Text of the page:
After all, the way you choose to start your initial message to someone is the “first impression of your first impression.” The results surprised us: The top three most popular ways to say “hello” were all actually bad beginnings.
Even the slangy Obviously, all successful Ok Cupid relationships outgrow our in-site messaging feature.
But an offer to chat or of an email address right off the bat is a sure turn off.
Talking about specific things that interest you or that you might have in common with someone is a time-honored way to make a connection, and we have proof here that it works.
We’re presenting just a smattering: in fact every “niche” word that we have significant data on has a positive effect on messaging.
Even more effective are phrases that engage the reader’s own interests, or show you’ve read their profile: , no doubt because of its adverbial meaning of “to a fair degree; moderately” also helps male messages.
A lot of real-world dating advice tells men to be more confident, but apparently hemming and hawing a little works well online.
We analyzed over 500,000 first contacts on our dating site, Ok Cupid.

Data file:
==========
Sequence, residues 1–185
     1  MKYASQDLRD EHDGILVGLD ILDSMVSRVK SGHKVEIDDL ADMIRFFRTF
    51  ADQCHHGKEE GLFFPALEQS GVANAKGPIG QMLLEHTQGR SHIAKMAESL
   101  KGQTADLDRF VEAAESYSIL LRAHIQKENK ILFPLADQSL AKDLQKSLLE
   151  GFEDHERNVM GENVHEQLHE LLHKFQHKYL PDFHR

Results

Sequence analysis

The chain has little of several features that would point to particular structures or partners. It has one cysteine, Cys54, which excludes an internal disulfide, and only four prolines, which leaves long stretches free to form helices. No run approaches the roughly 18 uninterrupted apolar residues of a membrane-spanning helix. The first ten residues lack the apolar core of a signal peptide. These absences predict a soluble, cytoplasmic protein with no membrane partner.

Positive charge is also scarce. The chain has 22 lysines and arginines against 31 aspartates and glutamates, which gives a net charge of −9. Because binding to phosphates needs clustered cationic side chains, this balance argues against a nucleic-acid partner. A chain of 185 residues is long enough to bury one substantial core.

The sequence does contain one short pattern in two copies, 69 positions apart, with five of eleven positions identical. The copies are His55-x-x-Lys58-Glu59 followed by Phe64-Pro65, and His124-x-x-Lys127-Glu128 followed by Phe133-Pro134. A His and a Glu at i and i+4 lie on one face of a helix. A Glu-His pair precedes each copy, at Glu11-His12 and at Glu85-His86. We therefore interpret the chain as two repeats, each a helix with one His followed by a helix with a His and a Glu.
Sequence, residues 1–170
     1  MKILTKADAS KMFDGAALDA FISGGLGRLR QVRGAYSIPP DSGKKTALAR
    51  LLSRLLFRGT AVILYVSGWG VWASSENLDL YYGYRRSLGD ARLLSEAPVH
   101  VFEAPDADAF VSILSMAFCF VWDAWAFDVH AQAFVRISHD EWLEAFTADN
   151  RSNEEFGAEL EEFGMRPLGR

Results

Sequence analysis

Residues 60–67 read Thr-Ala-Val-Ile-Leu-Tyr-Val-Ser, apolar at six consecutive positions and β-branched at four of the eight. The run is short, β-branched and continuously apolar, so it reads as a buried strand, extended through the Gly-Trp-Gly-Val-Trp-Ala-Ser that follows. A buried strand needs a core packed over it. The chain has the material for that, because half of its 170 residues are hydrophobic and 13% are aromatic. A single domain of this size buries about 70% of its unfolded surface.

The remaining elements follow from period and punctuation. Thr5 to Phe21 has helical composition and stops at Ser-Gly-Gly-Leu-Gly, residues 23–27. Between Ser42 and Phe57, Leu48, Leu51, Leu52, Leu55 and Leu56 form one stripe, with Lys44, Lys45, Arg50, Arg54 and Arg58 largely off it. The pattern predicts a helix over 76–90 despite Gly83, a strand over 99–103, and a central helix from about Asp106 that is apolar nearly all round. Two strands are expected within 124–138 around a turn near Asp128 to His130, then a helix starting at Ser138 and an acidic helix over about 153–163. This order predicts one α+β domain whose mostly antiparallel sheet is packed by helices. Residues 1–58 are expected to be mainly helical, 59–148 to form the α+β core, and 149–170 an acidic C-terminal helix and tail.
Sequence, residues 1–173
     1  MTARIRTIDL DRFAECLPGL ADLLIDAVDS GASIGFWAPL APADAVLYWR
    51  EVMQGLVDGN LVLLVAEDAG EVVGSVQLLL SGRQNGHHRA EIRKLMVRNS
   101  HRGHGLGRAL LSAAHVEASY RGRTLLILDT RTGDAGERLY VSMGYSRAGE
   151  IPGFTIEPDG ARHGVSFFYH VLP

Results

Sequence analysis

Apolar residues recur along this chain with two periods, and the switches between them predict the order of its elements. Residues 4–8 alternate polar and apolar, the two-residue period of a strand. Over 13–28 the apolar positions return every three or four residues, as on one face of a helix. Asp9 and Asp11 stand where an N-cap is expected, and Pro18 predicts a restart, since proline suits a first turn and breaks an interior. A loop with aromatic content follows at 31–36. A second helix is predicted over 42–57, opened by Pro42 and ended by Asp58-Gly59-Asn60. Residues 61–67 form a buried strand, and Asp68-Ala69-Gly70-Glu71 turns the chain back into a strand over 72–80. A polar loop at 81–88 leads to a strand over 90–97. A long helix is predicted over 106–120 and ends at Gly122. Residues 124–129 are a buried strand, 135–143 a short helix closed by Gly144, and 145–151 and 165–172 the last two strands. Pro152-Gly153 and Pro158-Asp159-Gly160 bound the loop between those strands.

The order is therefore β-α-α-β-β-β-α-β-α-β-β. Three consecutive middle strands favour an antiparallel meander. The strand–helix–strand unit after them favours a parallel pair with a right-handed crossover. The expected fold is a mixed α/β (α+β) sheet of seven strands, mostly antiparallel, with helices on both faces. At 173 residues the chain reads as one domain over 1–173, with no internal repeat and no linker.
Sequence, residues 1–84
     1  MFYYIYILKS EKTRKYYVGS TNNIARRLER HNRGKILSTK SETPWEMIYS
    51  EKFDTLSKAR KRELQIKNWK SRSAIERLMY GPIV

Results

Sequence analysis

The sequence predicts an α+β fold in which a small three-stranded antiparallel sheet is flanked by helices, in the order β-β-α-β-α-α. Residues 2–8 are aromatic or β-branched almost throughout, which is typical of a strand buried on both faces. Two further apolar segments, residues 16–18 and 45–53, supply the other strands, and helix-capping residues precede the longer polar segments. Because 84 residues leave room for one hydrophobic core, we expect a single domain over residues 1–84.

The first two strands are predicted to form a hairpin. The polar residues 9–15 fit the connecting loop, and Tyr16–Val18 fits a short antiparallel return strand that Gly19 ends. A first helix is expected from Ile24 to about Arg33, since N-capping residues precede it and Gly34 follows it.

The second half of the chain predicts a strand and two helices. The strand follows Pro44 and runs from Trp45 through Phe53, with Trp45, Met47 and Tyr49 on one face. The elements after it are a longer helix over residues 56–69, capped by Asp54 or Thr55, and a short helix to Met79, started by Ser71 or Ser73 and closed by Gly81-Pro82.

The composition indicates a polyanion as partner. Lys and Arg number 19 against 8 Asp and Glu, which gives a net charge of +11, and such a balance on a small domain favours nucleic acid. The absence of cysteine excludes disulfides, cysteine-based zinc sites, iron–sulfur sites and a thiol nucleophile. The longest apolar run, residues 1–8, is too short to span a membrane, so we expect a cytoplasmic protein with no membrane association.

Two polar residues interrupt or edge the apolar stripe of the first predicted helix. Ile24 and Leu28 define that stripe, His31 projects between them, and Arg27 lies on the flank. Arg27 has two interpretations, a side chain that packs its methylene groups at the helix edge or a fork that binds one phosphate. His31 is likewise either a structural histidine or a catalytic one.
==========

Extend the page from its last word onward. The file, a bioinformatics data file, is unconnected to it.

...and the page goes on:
Our program looked at keywords and phrases, how they affected reply rates, and what trends were statistically significant.
The result: a set of rules for what you should and shouldn’t say when introducing yourself. Let’s go: are nice things to say to someone, but no one wants to hear them.
As we all know, people normally like compliments, but when they’re used as pick-up lines, before you’ve even met in person, they inevitably feel…ew.
Besides, when you tell a woman she’s beautiful, chances are you’re not.
On the other hand, more general compliments seem to work well: The word is a perfect case study for our point.
As an adjective, it’s a physical compliment, but as an adverb (as in, “I’m pretty good at sports.”) it’s is just another word.